HOME > Chowhound > Home Cooking >


"Baking" without an oven?

I have some family visiting from India and they have taken to a couple of little treats I've made for them, including banana bread. They've asked for the recipe, but they don't have an oven at home (not uncommon in Indian kitchens). Anyone know how to make banana bread (or an approximation) in an oven-less kitchen? They do have a microwave and a range. Any suggestions would be appreciated - thanks!

  1. Click to Upload a photo (10 MB limit)
  1. You can bake in a microwave. A quick google came up with this and more:


    1. Perhaps you could send them home with one of these. It's quite versatile.


      1. You could steam it, though it would be a different consistency and you won't get the nice crunchy crust:


        Or you could do pancakes:


        With girl scouts, we lined a box w/ aluminum foil and baked a cake in that but it's probably more trouble than your friends want.

        3 Replies
        1. re: chowser

          +1 to steamed cakes. I've done this before a few times, and I'd actually aver that the texture of the finished product is often spongier, moister and more even than for one baked in the oven. I'd suggest reducing the total moisture in the mix very slightly to accommodate the lack of evaporative drying that will occur in the steamer, though, and don't forget to cover the cake (or else drips of water are likely to ruin it).

          1. re: chowser

            I've never commented on a recipe before, but today I made the banana bread pancakes, which are more of a flat cake than a banana bread, but still pretty good. They don't need syrup because of the large amount of sugar.

            1. re: GraydonCarter

              Especially when making the batter by the 'muffin method' (combine dry, combine dry, combine both), there's a lot of overlap between a quick bread batter and pancakes.

          2. I don't see a duplication happening without an oven. I say switch it up and come up with a pan banana naan recipe. I'm guessing it'd be close to the original recipe, with more of the type of fat you used to brush the dough and maybe a change in the hydration level.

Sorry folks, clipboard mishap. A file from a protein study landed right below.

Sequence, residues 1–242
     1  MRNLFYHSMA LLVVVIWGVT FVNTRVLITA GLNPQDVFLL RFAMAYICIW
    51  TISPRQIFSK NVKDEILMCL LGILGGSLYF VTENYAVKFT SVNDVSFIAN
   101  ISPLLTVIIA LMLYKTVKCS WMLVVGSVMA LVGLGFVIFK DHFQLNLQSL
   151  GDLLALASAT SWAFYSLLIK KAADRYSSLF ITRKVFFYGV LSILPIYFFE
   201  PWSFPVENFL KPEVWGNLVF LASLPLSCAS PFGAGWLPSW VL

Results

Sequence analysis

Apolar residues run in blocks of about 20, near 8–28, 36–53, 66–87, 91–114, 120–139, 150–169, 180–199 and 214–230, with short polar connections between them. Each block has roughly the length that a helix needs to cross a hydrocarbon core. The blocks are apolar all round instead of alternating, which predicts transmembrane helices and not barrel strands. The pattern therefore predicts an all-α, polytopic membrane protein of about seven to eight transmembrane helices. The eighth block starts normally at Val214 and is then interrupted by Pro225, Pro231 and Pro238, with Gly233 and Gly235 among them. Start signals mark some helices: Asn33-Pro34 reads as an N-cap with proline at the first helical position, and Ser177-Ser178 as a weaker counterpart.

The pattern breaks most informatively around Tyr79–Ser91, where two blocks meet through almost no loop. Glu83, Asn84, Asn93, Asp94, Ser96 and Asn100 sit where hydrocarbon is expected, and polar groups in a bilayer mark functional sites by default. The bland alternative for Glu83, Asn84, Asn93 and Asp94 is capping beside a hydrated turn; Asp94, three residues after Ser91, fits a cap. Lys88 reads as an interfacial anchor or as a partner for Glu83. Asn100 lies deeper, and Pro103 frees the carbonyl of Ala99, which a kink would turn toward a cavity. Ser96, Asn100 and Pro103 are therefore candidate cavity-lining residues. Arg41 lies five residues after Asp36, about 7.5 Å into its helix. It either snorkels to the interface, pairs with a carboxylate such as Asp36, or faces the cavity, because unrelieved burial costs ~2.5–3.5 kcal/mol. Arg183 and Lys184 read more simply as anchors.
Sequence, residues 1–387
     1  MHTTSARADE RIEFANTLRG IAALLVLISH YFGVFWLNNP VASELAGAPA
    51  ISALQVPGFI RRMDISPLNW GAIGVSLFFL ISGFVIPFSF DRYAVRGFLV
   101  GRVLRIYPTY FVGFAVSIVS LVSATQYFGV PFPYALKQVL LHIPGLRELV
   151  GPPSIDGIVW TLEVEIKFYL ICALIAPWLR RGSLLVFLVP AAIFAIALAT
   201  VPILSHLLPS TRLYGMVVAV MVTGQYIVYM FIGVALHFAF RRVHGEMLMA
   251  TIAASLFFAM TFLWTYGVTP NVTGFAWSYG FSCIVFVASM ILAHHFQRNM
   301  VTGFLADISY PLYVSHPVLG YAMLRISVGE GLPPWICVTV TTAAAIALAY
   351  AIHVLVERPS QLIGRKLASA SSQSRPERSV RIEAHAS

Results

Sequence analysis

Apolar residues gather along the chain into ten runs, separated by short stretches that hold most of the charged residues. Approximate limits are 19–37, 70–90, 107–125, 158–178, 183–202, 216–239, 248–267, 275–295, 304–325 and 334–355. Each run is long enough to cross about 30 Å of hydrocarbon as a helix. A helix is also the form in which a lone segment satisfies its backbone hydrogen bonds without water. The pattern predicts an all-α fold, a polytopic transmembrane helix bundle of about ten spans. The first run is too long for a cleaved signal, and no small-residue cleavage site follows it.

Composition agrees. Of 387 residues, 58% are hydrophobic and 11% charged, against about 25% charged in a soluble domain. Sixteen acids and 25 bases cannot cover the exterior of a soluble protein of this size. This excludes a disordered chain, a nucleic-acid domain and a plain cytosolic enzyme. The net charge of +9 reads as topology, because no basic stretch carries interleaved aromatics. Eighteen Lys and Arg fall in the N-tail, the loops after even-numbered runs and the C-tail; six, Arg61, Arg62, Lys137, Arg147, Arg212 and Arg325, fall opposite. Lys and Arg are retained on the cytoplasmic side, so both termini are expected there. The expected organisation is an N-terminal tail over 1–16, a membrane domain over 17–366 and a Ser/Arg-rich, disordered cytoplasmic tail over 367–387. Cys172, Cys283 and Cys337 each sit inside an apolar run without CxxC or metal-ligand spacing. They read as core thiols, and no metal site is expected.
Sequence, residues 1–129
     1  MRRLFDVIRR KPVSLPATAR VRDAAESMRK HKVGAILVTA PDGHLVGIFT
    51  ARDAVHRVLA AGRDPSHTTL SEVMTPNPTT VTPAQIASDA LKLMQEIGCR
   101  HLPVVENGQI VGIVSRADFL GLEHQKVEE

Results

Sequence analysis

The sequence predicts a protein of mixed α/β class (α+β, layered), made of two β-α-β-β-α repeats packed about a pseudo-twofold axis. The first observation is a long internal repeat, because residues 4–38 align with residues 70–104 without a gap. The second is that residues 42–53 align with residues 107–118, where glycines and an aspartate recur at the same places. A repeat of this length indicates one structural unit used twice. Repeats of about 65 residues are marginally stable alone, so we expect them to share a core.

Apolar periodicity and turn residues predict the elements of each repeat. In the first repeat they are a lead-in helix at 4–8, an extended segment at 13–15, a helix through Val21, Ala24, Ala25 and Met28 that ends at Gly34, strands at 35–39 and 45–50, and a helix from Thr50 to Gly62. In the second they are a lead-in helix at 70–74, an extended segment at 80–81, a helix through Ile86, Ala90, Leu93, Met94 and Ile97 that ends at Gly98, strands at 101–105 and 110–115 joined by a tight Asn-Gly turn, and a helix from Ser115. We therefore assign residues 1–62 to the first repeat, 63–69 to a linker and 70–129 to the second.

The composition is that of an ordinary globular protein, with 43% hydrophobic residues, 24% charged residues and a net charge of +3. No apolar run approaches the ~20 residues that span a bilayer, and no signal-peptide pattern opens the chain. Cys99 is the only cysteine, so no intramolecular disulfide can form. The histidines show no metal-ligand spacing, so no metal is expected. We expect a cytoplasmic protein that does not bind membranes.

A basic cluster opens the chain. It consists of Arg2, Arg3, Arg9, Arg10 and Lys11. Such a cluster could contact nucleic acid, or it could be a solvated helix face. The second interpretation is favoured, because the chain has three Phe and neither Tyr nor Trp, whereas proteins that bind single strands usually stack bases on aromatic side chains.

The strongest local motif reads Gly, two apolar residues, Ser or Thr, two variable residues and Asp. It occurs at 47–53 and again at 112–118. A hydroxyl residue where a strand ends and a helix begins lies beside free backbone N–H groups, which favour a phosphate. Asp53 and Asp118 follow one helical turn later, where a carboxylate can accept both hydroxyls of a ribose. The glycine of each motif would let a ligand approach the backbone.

1. That is what Dutch ovens and their ilk are for! http://en.wikipedia.org/wiki/Dutch_oven
              Here is a recipe for Banana bread http://papadutch.home.comcast.net/~pa...

              1. They don't have a toaster oven, by any chance, do they? If you preheat it until the coils stop being orange, it works very well.

                1. I had only a single propane burner to cook with for almost two years and found an article in an old issue of Mother Earth News on stove top baking to be very useful. Maybe their GORP Bread recipe technique can be adapted to make a stovetop banana bread. Here's the link to the article in the magazine archives: http://www.motherearthnews.com/Real-F...

                  Chinese-style steamed cakes are nice, too -- no crusty goodness, as Chowser points out -- but light and moist. Here's a recipe for steamed banana cake: http://bake-me-happy.blogspot.com/200...

                  Also, years ago, I used to see a number of infomercials for waterless induction cookware from companies like Healthcraft , 360 Stainless and AirCore, that claimed you could bake cakes in their pans on the stovetop. The pans are expensive -- about $150 - $250 ea -- but much less than an oven. I keep thinking of getting one for my cake-loving aunt in India who also doesn't have an oven in her home, but she's supposed to avoid sugar so I probably shouldn't make cakes any more accessible to her than they already are.